DEFINITION of 'Open House'
An open house is a scheduled period of time in which a house or other dwelling is designated to be open for viewing by potential buyers. The term open house can also refer to the real estate property itself; in either case, it applies to dwellings that are for sale by the owner. They are often held to advertise a newly developed community.
BREAKING DOWN 'Open House'
Many open houses occur on weekends, with banners and other fanfare used for advertisement. Owners keep the houses clean and immaculate during this time, to attract potential buyers. Some owners or agents also serve cocktails or hors d'oeuvres at these events.
Benefits of Open Houses
For people trying to sell their homes, an open house provides an opportunity to attract interested buyers to the property. A well-executed event can generate excitement about the home and potentially lead to an offer. Many realtors advise their clients to hold an open house the first weekend after the property goes up for sale.
Even if the event does not snag a buyer, an open house can still be beneficial. As visitors walk through the home, they are likely to discuss their perceptions of the home. This feedback can alert the realtor to issues that might be preventing the house from selling. Unattractive paint colors, for example, can be an easy fix that can boost a home's selling potential.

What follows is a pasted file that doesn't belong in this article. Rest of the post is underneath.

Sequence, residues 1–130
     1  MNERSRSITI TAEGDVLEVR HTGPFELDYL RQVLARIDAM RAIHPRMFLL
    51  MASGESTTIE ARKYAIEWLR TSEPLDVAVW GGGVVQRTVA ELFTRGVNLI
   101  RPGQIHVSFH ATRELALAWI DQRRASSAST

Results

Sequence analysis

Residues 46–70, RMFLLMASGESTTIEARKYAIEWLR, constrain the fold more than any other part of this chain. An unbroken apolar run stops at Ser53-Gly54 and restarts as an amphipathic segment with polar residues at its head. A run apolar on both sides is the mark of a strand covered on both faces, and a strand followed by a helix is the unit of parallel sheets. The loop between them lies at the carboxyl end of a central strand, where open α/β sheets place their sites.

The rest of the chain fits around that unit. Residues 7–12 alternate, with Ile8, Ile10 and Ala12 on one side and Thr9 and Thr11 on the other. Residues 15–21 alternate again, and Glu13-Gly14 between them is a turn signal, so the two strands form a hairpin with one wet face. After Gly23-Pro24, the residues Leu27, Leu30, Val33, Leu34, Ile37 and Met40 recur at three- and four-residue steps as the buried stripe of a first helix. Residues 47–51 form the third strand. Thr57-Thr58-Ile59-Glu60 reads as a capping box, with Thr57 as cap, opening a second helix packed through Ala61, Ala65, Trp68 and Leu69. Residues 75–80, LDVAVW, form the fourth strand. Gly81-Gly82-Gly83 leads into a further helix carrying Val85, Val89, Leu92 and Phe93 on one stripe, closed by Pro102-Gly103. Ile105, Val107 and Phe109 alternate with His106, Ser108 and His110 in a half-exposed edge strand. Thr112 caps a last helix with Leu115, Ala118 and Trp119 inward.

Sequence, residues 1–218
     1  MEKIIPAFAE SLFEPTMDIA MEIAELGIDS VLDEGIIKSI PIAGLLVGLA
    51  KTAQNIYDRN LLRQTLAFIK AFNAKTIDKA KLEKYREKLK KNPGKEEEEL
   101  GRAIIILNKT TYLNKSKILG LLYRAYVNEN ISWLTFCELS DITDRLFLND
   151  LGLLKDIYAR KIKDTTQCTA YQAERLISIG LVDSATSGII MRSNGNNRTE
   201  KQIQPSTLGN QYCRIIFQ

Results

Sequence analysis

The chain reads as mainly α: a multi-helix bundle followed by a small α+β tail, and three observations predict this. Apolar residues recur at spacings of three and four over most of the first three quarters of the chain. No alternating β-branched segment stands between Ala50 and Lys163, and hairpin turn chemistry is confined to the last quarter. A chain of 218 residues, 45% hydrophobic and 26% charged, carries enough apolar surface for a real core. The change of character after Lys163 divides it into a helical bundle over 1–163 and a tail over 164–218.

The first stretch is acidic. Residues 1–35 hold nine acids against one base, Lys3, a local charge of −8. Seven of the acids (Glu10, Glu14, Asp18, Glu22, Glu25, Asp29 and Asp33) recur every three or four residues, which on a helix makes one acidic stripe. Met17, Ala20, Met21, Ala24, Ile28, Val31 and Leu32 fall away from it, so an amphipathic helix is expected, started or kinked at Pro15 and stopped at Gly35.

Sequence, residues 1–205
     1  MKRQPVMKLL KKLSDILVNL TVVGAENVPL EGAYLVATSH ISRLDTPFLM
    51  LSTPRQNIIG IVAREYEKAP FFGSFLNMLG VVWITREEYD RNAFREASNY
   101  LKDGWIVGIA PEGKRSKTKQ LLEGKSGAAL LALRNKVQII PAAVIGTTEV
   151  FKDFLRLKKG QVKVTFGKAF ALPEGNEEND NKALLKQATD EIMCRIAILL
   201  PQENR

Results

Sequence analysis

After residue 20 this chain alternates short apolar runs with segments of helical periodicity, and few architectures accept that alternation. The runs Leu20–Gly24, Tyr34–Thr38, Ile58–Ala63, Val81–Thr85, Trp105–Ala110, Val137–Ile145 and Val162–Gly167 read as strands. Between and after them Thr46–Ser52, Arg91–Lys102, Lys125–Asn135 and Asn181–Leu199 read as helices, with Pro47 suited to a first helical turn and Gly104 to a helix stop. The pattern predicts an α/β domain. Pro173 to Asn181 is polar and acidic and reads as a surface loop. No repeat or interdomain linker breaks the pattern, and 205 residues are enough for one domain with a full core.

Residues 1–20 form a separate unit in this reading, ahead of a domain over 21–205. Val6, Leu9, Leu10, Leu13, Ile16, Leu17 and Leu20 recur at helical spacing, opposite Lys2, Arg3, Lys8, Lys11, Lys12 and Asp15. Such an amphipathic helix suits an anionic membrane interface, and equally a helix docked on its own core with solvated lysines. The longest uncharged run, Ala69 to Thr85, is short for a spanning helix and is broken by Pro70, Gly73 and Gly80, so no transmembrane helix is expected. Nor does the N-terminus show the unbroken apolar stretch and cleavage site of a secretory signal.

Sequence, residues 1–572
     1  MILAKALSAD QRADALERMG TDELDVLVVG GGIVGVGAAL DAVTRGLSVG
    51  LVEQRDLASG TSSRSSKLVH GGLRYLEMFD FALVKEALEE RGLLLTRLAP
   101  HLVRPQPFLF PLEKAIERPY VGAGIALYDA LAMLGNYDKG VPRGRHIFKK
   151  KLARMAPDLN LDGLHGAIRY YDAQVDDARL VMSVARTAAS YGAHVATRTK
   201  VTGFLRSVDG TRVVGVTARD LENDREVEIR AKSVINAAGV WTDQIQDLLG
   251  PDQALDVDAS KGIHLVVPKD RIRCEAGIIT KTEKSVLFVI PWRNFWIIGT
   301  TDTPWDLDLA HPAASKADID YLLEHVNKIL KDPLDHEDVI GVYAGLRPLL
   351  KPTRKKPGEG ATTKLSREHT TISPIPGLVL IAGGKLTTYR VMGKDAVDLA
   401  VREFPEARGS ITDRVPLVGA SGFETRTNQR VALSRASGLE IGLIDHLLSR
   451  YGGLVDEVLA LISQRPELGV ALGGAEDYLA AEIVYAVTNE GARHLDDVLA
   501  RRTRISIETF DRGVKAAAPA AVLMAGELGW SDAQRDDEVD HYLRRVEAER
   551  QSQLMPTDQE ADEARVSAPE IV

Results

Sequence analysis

Broker's Open House
In contrast to a traditional open house, which is open to the public, a broker's open house is strictly for real estate professionals. The intention of a broker's open house is to give real estate agents an opportunity to view the property. It also allows the seller's realtor to solicit professional opinions from peers about the property and its price. In many cases, the broker's open house encourages buyer's agents to schedule a showing for their clients.
Arguments Against Open Houses
For some sellers, an open house entails more effort than it is worth. During the event, the property owner must leave the property to give the realtor free rein. This means making alternate arrangements for children and pets. Owners also need to remove personal items such as photographs that can prevent prospective buyers from imagining themselves in the home. Due to safety concerns, some sellers are also hesitant to have groups of strangers walking through their homes.
With the advent of the Internet, most properties are listed on the Web before the first open house is even scheduled. Home seekers can view photos and information about the property's condition on a website, allowing homeowners to cast a much wider net for potential buyers. For some sellers, this can make open houses seem obsolete.